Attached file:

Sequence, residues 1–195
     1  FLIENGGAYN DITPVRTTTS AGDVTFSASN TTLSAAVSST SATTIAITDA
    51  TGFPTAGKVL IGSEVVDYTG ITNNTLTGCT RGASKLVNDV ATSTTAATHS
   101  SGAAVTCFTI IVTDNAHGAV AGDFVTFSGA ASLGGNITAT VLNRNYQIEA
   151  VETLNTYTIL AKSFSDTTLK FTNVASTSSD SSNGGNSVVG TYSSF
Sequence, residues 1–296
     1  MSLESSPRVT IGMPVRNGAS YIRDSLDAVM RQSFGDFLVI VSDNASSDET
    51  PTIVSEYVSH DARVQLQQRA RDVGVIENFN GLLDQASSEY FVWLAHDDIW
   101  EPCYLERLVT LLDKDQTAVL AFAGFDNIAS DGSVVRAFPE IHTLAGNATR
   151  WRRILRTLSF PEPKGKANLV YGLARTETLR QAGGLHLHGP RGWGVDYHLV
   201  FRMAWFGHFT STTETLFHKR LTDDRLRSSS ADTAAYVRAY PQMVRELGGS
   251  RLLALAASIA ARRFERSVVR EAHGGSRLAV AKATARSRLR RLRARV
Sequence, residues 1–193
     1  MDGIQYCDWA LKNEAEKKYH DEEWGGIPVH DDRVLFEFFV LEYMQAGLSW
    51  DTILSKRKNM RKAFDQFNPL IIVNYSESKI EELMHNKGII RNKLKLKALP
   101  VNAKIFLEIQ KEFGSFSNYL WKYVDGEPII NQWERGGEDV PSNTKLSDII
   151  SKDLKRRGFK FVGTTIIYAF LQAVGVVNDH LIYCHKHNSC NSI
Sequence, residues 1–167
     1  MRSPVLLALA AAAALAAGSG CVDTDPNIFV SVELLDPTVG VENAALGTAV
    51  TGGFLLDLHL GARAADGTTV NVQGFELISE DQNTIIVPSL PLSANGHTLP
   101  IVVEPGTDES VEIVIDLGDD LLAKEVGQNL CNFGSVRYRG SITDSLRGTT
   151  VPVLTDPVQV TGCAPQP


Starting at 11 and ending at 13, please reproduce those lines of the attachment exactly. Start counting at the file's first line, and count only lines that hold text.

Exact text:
   201  FRMAWFGHFT STTETLFHKR LTDDRLRSSS ADTAAYVRAY PQMVRELGGS
   251  RLLALAASIA ARRFERSVVR EAHGGSRLAV AKATARSRLR RLRARV
Sequence, residues 1–193